Internal Report Warns of Staffing Shortfalls at Department of Correction


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Connecticut correctional facilities have 406 staffing vacancies — meaning the state Department of Correction only has 89 percent of the “bodies needed” to run the state’s prison systems — according to an internal Department of Correction report shared with CT Examiner. 

Across Connecticut, there are currently 406 staffing vacancies, with nearly 400 correctional workers becoming eligible for retirement in 2022, a looming retirement cliff that officers warn could bring the prison system to a breaking point.  

“This is a crisis waiting to happen,” said Mike Vargo, president of AFSCME Local 1565, a union representing correctional staff across the state. “Shortages are risky for staff. There is more chance for injury on the job and volatile situations to break out.” 

Federal correctional facilities are facing similar staffing challenges, with a report finding that in May, one third of federal correctional officer jobs were vacant. Union leaders blamed Gov. Ned Lamont for not making hiring correctional officers a priority.  

“The Lamont administration believes it can do more with less,” said Larry Dorman, public affairs coordinator for Council 4 AFSCME. “There clearly needs to be more hiring of frontline prison employees, and the state has the resources to do that.” 

The Governor’s Office did not respond to a request for comment, but Karen Martucci, director of external affairs for the Department of Correction, said the current staffing percentages were not outside of the norm, and that the department had a plan in place for looming retirements. 

“I am confident with the recruitment and hiring plan in place to keep up with the rate of retirements,” said Department of Correction Commissioner Angel Quiros. “Maintaining safe staffing levels has always been and will continue to be a priority of this administration.” 

One material impact of the understaffing, according to the correctional officers, has been a significant increase in overtime. According to the Office of Fiscal Analysis, Connecticut’s Department of Correction spent 16.3 percent more on overtime in fiscal year 2021 than in fiscal year 2020. 

“For correctional staff, this jump in overtime is more than just a statistic,” said Collin Provost, a correctional officer at MacDougall-Walker Correctional Institution in Suffield. “We feel the burnout, the exhaustion, and the strain on our backs with every double and triple mandated shift we work … We cannot continue to do more with less without dire consequences to both staff and incarcerated individuals.”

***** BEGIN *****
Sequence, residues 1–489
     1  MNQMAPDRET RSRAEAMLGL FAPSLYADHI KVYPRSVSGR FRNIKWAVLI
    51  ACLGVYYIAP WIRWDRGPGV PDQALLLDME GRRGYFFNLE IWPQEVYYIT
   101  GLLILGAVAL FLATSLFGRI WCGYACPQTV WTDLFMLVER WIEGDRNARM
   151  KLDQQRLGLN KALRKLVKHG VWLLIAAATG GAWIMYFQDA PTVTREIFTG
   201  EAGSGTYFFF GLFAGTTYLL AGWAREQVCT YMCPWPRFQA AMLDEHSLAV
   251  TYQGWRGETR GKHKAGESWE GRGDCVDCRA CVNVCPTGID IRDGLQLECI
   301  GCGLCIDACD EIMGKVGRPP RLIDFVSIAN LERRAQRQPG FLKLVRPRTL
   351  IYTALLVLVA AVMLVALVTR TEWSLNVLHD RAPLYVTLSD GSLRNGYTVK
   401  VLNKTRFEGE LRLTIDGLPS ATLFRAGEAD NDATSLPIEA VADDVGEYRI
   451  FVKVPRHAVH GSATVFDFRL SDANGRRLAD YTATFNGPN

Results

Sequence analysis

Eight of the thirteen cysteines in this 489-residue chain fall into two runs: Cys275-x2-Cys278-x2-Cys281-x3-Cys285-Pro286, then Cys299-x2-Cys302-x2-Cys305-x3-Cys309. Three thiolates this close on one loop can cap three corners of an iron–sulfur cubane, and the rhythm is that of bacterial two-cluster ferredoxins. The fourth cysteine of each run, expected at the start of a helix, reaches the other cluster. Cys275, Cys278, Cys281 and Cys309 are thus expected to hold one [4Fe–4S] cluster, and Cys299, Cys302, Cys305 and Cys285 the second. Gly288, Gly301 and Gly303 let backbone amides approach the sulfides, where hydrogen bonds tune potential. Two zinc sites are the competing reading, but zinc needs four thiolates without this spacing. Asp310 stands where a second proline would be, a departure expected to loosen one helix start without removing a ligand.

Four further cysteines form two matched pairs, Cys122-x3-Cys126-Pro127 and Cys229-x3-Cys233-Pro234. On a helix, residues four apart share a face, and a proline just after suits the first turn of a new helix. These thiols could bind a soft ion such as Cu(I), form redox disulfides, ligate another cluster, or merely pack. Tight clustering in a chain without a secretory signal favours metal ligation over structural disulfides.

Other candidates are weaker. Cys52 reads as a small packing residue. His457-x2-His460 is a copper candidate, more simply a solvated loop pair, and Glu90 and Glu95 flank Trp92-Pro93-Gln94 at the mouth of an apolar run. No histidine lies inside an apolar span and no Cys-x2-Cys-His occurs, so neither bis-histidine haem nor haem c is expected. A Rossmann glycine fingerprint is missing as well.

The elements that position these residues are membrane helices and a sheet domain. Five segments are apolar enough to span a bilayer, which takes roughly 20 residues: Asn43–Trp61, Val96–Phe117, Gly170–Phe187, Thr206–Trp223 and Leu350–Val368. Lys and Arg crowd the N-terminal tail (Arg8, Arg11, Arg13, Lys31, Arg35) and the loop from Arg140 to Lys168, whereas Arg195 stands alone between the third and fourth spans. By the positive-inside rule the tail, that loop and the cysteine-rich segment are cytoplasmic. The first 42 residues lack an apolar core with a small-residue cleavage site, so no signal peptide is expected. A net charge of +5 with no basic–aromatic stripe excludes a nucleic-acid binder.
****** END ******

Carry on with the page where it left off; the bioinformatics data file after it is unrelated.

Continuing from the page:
Amanda Tower, who also works as a correctional officer at MacDougall-Walker, said prisons are “currently facing a mass exodus.” For example, Garner Correctional Institution in Newtown is currently at 80 percent staff capacity, according to the Department of Correction. Since last November, 21 staff have quit, leaving the facility with 56 vacancies, according to Ken Hayward, a correctional officer there. 

“If the state refuses to compensate people fairly and maintain adequate staffing levels, frontline prison staff will continue to leave,” Hayward said. “They are being forced to work 16 hours a day, 5 days a week, with no support and no relief in sight.” 

Brian Larson, a correctional officer at the Manson Youth Institution in Cheshire, said that another result of inadequate staffing has been fewer counselors for inmates, leaving incarcerated people without access to mental healthcare. 

Larson also said that the pandemic has created additional responsibilities for prison staff, such as administering video visits and navigating changing prison policies. More than 1,400 correctional staff have tested positive for COVID-19 over the course of the pandemic, which has decimated prisons and other congregate areas. 

“Right now, no one is going to work for 8 hours,” Larson said. “There is an abundance of mandated overtime due to exhaustion from Covid outbreaks and staff shortages. We operate on rolling 16 hour shifts during which we arrive at their designated time, get drafted for another 8, commute home, decontaminate their uniforms, shower, meal prep, and get approximately 4.5 hours of sleep—only to repeat the process three days in a row.”